Amy Adams on Playing Against Type

With a new baby and a new movie, the good girl actress wants a new image as well.Plus: check out the photos from her cover shoot.

Amy Adams
(Image credit: Mark Abrahams)

Amy Adams' first instinct is to go with the 7-inch, clear Lucite platforms.

"But that's too predictable for me, right? Too safe," she says, considering the row of plastic stripper shoes before her at the S Factor studio in Los Angeles with a knit brow. A pair of black-and-white Mary Janes with an even more precarious heel are also too "expected." Then she spots the boots. Those gleaming, black PVC, open-toe, lace-up-to-mid-calf fashion disasters are precisely the amount of bad taste Adams is searching for.

"These are exactly what I need," she says, beaming that giant, familiar smile. "These boots and a loud, trashy, '80s metal song and I'm ready for the pole."

Adams, 36, has emerged from new motherhood for the afternoon—Aviana, her 7-month-old daughter with her fiancé, actor and artist Darren Le Gallo, has been left with her nanny—so that Adams and I can learn the art of pole dancing. See, Adams is not a nun—like the wide-eyed Sister James she played in Doubt. And she's not a Disney princess—like the wide-eyed Giselle she played in Enchanted. She's not a naive Southern girl, either—like the hilariously wide-eyed Ashley in Junebug, the breakout role that earned Adams her first of two Oscar nominations and launched her impressive career only five years ago. The way Adams sees it, the best way to get the message across that she's not a prude, even if she plays one on-screen, is to conduct an interview for Marie Claire while learning how to lap dance.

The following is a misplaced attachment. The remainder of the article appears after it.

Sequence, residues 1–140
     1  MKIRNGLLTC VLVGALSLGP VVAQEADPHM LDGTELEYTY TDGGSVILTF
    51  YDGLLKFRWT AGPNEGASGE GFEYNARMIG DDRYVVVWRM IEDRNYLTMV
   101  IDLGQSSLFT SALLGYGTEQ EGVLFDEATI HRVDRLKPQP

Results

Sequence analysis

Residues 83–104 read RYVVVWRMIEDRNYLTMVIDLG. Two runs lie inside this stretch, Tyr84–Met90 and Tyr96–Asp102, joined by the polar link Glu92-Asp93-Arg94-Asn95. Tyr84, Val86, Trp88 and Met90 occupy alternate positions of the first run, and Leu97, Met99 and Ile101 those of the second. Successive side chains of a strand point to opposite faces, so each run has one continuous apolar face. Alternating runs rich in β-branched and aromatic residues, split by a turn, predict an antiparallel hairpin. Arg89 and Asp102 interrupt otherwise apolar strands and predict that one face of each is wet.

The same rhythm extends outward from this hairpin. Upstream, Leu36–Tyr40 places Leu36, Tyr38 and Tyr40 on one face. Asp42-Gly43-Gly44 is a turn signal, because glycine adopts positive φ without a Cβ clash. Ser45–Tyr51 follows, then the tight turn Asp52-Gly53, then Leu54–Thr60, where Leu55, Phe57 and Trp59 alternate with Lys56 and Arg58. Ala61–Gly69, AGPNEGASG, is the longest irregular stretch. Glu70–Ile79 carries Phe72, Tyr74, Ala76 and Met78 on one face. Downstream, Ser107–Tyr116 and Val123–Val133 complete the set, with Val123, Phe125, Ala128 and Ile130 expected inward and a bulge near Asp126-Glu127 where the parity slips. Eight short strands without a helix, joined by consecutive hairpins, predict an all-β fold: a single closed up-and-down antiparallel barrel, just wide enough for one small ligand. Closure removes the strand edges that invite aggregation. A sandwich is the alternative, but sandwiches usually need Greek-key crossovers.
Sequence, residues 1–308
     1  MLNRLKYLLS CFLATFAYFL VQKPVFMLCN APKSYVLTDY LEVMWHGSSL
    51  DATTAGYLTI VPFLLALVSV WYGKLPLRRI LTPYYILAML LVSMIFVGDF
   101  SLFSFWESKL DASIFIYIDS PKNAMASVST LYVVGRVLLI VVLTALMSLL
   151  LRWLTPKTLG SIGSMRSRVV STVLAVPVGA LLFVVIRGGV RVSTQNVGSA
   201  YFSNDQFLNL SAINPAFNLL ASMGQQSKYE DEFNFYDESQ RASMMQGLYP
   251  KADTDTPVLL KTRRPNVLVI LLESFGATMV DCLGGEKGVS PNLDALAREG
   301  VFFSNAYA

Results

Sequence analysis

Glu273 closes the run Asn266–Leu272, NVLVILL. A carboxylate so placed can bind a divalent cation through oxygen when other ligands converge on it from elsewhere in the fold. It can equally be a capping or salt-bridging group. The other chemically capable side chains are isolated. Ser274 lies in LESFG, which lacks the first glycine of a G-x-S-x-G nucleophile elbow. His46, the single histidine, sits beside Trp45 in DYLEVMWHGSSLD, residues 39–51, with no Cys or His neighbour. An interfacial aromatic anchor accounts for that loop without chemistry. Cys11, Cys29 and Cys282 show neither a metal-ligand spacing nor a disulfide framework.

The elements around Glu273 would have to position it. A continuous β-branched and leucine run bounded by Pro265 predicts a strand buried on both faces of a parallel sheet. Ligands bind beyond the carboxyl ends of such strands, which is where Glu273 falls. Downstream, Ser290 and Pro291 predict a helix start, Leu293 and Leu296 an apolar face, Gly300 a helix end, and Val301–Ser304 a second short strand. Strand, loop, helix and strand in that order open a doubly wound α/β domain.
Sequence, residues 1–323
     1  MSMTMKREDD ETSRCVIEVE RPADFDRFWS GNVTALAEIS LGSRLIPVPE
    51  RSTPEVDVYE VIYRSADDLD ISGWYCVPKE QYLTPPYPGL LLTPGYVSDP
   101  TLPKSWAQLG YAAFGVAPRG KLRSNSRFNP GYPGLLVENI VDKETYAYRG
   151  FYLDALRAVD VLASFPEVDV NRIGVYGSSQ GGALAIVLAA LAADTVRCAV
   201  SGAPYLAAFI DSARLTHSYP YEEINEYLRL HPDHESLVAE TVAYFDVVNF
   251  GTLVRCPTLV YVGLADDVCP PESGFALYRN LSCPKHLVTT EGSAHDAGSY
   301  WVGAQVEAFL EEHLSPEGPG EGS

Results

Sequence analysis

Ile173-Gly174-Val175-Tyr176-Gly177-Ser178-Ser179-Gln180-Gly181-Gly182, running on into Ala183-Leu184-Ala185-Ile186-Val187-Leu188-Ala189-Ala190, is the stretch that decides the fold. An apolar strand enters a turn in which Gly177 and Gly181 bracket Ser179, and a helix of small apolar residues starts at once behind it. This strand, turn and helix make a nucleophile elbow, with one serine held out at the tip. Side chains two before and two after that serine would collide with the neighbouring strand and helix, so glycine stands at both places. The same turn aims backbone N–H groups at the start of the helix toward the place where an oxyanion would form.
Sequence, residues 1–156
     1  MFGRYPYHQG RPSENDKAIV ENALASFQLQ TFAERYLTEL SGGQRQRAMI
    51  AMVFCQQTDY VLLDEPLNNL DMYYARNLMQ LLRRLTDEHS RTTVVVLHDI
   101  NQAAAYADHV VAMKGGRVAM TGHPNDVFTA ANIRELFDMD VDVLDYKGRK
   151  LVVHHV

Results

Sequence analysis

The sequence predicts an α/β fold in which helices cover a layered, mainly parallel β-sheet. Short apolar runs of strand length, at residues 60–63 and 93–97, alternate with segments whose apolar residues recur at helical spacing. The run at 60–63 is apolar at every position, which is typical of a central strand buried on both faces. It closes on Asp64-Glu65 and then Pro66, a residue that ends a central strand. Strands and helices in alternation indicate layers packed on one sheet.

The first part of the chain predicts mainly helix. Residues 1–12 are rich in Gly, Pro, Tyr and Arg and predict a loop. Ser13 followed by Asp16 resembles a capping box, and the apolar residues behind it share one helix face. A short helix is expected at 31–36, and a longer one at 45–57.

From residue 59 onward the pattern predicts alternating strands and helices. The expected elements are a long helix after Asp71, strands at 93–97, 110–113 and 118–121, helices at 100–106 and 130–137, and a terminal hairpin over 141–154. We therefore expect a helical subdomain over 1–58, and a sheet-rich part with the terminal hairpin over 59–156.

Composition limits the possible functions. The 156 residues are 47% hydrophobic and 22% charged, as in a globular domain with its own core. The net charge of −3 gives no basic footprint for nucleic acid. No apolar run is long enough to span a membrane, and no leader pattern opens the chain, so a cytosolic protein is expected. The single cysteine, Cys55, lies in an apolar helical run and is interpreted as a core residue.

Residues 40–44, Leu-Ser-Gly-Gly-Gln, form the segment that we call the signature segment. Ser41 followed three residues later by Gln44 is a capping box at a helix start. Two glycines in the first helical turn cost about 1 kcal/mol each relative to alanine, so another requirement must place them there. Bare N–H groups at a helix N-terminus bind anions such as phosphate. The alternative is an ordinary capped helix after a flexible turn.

"I did one interview when I was pregnant, and the writer said he thought people would be surprised to know that I had sex," says Adams. "I didn't know what to say. I was like, 'Excuse me if it takes a minute to process the fact that you think I'm asexual.' Anyway, there's something great about the world thinking I'm so innocent. Only it's not true."

"In my 20s, boy," she later confesses, shaking her head over a lunch of chicken and mashed potatoes, "I was a hot mess."

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Combine Adams' convincing performances as a naïf with her well-publicized Mormon background (even though her parents left the church after they divorced when Adams was 11), and somewhere along the line her audience may have forgotten she was acting.

So Adams chose a class with Sheila Kelley, the actor and trainer who's become famous for introducing regular women to the delights of exotic dancing. Her S Factor method "unlocks your inner erotic creature," according to Kelley. And Adams—who looks far from buttoned-up when she arrives at the studio in a flowy ivory sweater, slim gray jeans, and taupe, woven open-toe platforms—is up for a little of that. For one, she's heard it's a killer workout.

"Some mom friends said it's a good way to lose the baby weight," she says. "And I'll do anything to get off of that treadmill."

Changing into a sleeveless rock T-shirt and tiny spandex shorts (after Kelley chose them for her off of the rack), Adams is fearless throughout the entire two-hour session, flinging her long red hair on cue and showing off her dance training in a way that wouldn't fly in a convent.

On-screen, too, Adams is shaking things up. This month, she appears opposite Mark Wahlberg, Christian Bale, and Melissa Leo in The Fighter as Charlene, a bartender who dates a struggling boxer (Wahlberg) in working-class Lowell, Massachusetts. Apparently, the film's director, David O. Russell, didn't buy the guileless act.

"I had met with David about another movie that didn't happen. Then he called about The Fighter. I was in Ireland doing the movie Leap Year, and he sent me 20 pages of the script. I was nearly on page 20 when I was like, 'Wait, which part is for me?'" Adams says, laughing.

"She was ready to play against type," says Russell about choosing Adams. "A tough, sexy bitch. She has it and knows it, and she killed it. It opened up a whole side to her that's exciting."

"What's funny is that some people who've seen it have said, 'Amy, you're finally playing yourself!'" says Adams. "It's not that she's like me. It's just that she's less naive. My other characters haven't been tested. She has been through it."

Read the rest of Marie Claire's exclusive interview with the star in our January 2011 issue, on newsstands December 21.